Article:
The second quarter came to an end last week, completing a reversal from the first quarter. The S&P 500 Index ended the quarter up more than 20%, as the loose policy from both the Federal Reserve and Congress outweighed COVID-19 fears that existed in March. July got off to a strong start as well after the June jobs report showed a second consecutive month of stronger than expected job growth.
Close to five million jobs were added to the economy in June, representing the most significant month of job gains in U.S. history. Seeing such a large number of jobs added in one month is a positive and being that many of the jobs added were in service-oriented sectors indicates jobs are coming back after the COVID-19 induced shutdown. However, it is not easy to glean all the positives from the report. For one, the June jobs report is as of the middle of the month before the emergence of COVID-19 hot spots that forced new shutdowns in parts of the country. Another factor is the weekly jobless claims have been increasing recently, notably, the unemployment claims continue to rise. Weekly jobless claims are not a perfect window into the monthly numbers, but it’s something to consider when the two data points are moving opposite each other. The last piece to question is the number of people anticipating their unemployment is permanent rather than temporary. When the COVID-19 pandemic first hit, many people viewed their employment as temporary as they expected to be rehired once governments began to loosen guidelines. In the months since, these categories have shifted, and more are viewing their employment situation as permanent, meaning new jobs need to be created to put many of these individuals back to work. Even if there is not another decline in employment numbers, the growth we have seen in the past two months should not be expected to continue. The economy still faces challenges going forward, and a slow return to growth should be expected.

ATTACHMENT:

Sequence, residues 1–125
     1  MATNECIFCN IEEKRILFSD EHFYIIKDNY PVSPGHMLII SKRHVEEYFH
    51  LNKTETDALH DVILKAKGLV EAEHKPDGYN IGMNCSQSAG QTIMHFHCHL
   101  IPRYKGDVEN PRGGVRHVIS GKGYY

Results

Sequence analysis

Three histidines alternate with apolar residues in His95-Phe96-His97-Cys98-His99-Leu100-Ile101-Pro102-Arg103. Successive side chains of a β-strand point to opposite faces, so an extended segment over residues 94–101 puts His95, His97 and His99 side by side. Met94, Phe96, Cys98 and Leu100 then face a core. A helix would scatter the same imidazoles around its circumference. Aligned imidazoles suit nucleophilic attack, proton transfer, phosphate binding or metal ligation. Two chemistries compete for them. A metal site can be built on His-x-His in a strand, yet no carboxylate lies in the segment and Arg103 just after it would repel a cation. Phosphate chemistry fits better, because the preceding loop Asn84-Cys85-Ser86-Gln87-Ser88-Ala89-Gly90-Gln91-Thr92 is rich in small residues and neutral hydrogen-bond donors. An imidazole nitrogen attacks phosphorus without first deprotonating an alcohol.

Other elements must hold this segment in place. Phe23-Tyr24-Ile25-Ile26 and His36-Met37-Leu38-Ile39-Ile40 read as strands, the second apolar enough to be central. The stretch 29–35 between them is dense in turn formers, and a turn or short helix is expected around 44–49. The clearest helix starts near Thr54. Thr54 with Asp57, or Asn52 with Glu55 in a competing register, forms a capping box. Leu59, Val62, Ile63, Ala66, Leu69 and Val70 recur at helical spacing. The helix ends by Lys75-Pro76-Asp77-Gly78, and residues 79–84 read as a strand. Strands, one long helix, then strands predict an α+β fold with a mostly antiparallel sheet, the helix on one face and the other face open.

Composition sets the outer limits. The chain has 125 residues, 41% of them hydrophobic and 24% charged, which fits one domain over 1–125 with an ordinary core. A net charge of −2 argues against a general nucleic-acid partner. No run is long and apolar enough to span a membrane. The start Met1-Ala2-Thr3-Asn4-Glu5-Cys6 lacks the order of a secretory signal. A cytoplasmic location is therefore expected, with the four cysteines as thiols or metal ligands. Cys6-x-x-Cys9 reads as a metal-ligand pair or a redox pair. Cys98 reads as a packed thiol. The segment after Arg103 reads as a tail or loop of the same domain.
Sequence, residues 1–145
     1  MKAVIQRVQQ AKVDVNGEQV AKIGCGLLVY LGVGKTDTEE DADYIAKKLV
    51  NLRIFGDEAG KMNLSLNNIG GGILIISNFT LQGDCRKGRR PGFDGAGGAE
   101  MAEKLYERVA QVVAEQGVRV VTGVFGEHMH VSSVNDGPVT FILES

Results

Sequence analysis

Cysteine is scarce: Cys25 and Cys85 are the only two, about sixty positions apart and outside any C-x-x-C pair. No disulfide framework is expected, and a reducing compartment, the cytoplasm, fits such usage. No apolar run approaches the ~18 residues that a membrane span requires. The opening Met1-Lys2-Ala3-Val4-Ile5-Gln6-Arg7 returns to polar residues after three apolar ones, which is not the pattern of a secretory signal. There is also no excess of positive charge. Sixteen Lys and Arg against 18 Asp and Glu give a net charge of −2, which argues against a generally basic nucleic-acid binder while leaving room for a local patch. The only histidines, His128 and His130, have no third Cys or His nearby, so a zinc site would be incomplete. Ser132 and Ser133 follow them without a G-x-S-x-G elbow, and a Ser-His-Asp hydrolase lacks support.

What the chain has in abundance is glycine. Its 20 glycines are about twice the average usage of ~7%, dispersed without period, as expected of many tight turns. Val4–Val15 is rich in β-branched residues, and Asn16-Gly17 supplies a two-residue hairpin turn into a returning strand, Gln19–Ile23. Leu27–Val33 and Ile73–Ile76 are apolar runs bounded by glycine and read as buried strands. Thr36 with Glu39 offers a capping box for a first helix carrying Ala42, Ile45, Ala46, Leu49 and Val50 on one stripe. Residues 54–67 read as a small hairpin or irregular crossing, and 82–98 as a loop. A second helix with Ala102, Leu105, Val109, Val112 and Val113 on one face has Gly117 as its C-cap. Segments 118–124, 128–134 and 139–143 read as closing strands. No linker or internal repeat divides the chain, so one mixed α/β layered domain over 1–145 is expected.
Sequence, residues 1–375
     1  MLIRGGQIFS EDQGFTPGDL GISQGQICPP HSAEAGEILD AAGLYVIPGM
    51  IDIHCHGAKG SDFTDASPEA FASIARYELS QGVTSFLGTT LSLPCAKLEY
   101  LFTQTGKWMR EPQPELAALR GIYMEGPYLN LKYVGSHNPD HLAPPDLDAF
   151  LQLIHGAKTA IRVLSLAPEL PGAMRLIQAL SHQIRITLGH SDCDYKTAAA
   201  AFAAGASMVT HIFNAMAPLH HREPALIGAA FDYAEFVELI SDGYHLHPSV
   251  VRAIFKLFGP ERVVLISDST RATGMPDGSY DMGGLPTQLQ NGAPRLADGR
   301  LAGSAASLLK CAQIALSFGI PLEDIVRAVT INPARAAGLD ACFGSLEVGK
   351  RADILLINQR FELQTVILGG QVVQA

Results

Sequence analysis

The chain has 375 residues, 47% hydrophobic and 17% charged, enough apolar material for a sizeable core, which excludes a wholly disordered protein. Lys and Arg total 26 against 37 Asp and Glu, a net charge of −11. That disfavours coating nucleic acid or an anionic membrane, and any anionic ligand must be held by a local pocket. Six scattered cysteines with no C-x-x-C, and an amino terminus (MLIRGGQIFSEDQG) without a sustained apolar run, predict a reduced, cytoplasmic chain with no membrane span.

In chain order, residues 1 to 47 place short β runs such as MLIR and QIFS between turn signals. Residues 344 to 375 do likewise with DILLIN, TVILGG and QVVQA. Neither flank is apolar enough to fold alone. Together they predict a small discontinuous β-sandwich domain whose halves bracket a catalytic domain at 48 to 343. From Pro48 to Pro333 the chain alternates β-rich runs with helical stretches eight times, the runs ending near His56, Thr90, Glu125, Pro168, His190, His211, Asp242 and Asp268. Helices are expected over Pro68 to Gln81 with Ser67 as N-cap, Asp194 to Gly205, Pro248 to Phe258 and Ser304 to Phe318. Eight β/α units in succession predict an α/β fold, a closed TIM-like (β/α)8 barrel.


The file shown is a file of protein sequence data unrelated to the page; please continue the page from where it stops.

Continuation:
As we marked the halfway point of 2020 last week, it felt more like two years rather than two quarters. We have already seen a bear market followed by a quarter-long rally, all while the risks that brought on the bear market never really faded. These two quarters show how difficult it is to predict what the stock market will do over a short period. Last December, no one expected the S&P 500 to fall 20% within the next three-month period. And in March, as the market was bottoming, no one talked about the 20% rally that was commencing. Instead, most people are anchored to the recent environment, expecting the same to continue indefinitely. It is difficult to grasp many of the positives from the first half of the year. However, 2020 is the prime example of the importance of taking a diversified, long-term approach to investing. No one could have predicted the past six months, but we can have confidence in saying that growth can be expected over the next ten years.
Author: Joe Clark, CFA | Research Team | Allegheny Financial Group | July 2020
The information included herein was obtained from sources which we believe reliable. This report is being provided for informational purposes only. It does not represent any specific investment and is not intended to be an offer of sale of any kind. Past performance is not a guarantee of future results.
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